Afghans, desperate for escape, hanging from an American plane in Kabul. Desperate South Vietnamese clamoring at the gates of the U.S. embassy.
Some images are destined for replay over and over.
And there are quite a few such images coming out of Afghanistan in recent days in what has been the shocking culmination of a slow moving, but inexorable, twenty year failure.
But before anything else we should recall why the U.S. entered Afghanistan in October, 2001. It was in pursuit of Obama bin Laden, an absolutely understandable and justifiable mission.
That the mastermind behind the 9/11 attacks was eventually brought to justice in Pakistan was only a reminder that Afghanistan was part of a bigger geopolitical picture.
Murderous jihadism is widespread in the world and not just confined to Afghanistan, a country gifted with extraordinary natural beauty, and burdened with an extraordinarily troubled history, a history inflamed over the centuries by foreign military intervention.
But there are ways to leave a place and ways to leave a place. Before any announcement was made, and a specific withdrawal date was mentioned pretty much every Afghan who worked with the U.S. over the years, prominently and quietly, should have been given a chance to leave if they so requested and facilitated in that leaving.
But even without disturbance from the outside, Afghanistan has been a place of near continuous internal disturbance for centuries; and it is once again disturbed to put it mildly.
There will be a lot of argument and debate here in the U.S. over the precise nature of the final U.S. exit. The Biden administration was carrying out the stated intent of previous administrations, and is indeed in lockstep with public opinion.
But there are ways to leave a place and ways to leave a place. Before any announcement was made, and a specific withdrawal date was mentioned - in this instance September 11 - pretty much every Afghan who worked with the U.S. over the years, prominently and quietly, should have been given a chance to leave if they so requested and facilitated in that leaving.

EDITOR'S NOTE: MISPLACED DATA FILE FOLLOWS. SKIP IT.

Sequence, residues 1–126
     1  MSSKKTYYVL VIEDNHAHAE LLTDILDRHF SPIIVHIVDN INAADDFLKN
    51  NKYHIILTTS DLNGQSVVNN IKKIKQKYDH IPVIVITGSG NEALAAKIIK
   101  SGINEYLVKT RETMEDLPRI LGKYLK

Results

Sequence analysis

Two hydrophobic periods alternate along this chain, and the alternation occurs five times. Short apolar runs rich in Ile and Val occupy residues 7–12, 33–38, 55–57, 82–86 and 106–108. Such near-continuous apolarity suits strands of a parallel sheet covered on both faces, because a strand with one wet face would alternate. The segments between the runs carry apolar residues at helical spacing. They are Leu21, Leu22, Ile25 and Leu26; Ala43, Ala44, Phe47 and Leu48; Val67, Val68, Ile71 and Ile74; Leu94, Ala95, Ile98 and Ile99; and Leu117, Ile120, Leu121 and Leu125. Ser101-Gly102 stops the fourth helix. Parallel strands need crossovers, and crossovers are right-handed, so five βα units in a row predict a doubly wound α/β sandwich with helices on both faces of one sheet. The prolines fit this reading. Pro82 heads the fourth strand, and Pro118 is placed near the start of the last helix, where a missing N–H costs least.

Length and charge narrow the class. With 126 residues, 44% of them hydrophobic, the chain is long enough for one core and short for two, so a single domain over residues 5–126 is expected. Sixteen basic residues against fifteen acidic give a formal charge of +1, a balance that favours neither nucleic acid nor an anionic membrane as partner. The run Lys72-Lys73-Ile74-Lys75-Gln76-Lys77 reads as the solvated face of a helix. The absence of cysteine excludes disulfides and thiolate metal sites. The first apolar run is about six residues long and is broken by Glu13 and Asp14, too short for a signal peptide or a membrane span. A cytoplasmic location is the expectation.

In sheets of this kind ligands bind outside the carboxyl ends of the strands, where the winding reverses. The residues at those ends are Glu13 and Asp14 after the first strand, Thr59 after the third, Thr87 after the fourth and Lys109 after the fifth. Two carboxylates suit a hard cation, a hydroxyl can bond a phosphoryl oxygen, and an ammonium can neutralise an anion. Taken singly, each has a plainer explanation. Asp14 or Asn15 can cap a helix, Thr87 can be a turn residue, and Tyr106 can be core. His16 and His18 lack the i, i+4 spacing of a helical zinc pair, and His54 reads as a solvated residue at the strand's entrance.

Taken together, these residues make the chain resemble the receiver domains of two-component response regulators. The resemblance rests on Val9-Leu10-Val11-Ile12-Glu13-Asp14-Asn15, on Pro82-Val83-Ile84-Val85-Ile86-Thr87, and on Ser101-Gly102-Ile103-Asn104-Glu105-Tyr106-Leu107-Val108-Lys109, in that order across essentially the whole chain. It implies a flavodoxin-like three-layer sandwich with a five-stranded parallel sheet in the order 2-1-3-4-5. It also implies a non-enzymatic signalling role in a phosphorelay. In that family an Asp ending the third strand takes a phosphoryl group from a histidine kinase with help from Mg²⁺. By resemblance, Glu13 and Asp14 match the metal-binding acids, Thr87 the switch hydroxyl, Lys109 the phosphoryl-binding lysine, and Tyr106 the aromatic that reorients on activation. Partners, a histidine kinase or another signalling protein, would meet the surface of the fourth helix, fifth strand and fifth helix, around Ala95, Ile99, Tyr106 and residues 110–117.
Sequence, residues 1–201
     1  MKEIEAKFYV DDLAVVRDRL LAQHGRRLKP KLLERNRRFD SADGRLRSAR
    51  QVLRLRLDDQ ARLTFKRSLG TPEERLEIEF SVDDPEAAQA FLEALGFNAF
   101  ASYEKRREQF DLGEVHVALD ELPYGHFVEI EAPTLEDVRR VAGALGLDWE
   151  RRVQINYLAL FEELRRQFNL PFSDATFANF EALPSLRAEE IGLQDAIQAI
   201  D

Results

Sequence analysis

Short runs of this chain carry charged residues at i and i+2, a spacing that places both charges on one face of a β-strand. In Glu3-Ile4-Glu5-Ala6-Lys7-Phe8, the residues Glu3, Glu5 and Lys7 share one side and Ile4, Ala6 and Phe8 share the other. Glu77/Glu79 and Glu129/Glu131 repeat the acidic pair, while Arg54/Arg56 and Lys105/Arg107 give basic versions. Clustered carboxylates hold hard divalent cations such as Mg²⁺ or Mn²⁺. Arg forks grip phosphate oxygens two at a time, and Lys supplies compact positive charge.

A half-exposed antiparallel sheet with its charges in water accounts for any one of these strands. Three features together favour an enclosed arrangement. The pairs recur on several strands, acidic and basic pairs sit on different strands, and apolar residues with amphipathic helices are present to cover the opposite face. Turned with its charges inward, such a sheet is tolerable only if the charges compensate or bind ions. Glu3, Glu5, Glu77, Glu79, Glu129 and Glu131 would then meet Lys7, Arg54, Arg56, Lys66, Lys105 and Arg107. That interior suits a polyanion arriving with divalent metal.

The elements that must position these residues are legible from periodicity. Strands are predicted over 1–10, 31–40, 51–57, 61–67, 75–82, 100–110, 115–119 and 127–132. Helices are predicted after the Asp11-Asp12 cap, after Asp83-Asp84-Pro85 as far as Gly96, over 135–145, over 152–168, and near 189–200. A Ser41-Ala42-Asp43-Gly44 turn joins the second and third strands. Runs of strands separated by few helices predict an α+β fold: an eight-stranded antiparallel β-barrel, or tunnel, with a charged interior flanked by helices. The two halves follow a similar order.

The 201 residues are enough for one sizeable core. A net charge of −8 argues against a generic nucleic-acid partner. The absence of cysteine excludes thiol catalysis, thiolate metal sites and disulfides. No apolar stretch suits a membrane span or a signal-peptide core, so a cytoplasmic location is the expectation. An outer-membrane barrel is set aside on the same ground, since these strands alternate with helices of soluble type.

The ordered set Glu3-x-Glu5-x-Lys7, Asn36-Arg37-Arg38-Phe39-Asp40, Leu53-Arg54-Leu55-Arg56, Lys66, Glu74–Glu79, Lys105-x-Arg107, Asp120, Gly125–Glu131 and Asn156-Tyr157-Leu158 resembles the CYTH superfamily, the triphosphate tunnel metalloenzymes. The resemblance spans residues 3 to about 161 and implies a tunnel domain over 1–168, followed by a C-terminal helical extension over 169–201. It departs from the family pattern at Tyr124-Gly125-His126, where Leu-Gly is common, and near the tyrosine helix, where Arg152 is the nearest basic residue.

After that the U.S. diplomatic presence should have been wound down, as quietly as possible. The last to leave would be the ambassador and the military - inside the planes as opposed to hanging on the wings.
The Biden administration seems to have been taken back by the speed of the Taliban victory but the administration, as was the case with previous administrations, was fully aware of the thoroughly rotten and corrupt state of affairs in the Afghan government and military. To call both a house of cards would be a supreme understatement.
Similarly, the assessment of the multi-pronged U.S. intelligence community was way off. You could have envisaged the debacle to come from a perch atop half the bar stools in the fifty states. You sure didn't have to be in Langley, Virginia or the like.
The learning curve, once again, was an all too steep climb for the supposedly learned.
President Biden made a political mistake in attacking President Trump. Trump's administration engaged in "peace talks" with the Taliban. Again, that would have been laughed out of the room from many a bar stool.
But Biden is now the president in charge. He doesn't own Afghanistan, or the last twenty years there. But he does own the last weeks and days in Kabul.
As for the people of Afghanistan, especially women and girls, who are now facing the prospect of a return to a brutal medievalism. That's for another editorial.
And as for the possibility that Afghanistan being once again a cradle for terrorism. That, too, is for another day.
Right now we are left with the appalling images of failure, and not just on the part of the United States.
The wider world, the United Nations to the fore, now has a new mission.
And that mission is to curb, as best as possible, the kind of barbaric horrors that the Taliban are all too capable of inflicting on their own people.